Medical schools ‘committed to social accountability’
|Montreal Gazette 04 May 2014 at 21:31|
MONTREAL — The increasing diversity of McGill University’s medical class may have some worried, but it reflects a trend across North America, and a concerted effort on the part of medical school administrators to ensure students of all ethnic, socioeconomic and linguistic backgrounds have the opportunity to become doctors.
“One of our biggest roles is determining who will enter our profession and serve our Canadian population,” said GeneviÃÂ¨ve Moineau, president and CEO of the Association of Faculties of Medicine of Canada (AFMC). “And our faculties of medicine are very committed to social accountability. Some schools are uniquely focused on marks, but we want people who can serve some underserved populations.”
In fact, the AFMC’s conference last weekend was focused on admissions best practices and how to foster diversity, particularly in view of the fact Canada will be establishing its own accreditation standards for medical schools. That should be approved this summer and would mean universities would have to uphold the new standards by spring 2016.
Until now, accreditation was set by U.S. standards, but Moineau said the idea of having a uniquely Canadian set of standards has been percolating for a long time.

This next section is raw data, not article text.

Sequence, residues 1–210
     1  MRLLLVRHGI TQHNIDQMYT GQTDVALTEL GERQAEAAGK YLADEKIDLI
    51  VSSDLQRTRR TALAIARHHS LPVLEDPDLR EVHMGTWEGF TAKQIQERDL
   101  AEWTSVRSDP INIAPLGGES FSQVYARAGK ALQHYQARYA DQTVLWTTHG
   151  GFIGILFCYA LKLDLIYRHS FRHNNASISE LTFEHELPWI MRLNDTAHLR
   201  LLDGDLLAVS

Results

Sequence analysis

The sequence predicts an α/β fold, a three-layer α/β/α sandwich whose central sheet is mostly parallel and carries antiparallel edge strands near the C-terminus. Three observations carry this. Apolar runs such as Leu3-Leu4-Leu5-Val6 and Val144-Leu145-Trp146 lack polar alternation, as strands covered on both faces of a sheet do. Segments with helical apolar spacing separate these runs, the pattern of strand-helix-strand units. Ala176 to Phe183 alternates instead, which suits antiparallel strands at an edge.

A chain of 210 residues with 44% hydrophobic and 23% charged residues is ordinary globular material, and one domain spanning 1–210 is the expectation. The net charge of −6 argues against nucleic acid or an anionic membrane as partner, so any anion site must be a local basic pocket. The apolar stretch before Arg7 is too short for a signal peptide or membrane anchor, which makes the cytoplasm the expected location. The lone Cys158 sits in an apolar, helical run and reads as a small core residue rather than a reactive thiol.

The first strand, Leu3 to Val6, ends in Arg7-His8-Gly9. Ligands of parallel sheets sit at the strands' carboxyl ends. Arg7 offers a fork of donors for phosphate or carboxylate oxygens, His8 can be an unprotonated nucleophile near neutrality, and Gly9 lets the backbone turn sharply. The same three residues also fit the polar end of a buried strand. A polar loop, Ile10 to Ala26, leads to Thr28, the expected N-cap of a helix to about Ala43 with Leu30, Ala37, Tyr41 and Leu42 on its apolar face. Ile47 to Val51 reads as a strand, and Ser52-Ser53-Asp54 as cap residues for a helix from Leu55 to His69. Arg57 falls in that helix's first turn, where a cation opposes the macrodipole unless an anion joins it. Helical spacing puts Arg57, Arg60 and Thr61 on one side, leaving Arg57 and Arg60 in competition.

No one is advocating using quotas, she said, and surveys about applicant demographics are completely anonymous.
“But we need to understand who is applying and see where we’re going wrong from a diversity point of view,” she said.
Jesse Kancir, president of the Canadian Federation of Medical Students, said students are on board with increasing diversity, particularly socioeconomic diversity.
“As long as we’re ensuring that by the time people get into the pool they’re competent, then I think the onus is on medical schools to be training physicians to serve the population,” he said in an interview. “Perhaps you can’t put in filters when trying to select candidates, but you have to ensure that pool of candidates is wide enough to begin with.”
He said with only about eight per cent of applicants getting into medical school, it’s not a question of lowering standards to increase diversity.
“The pool of candidates is there and that pool is going to be competent and competitive,” he said.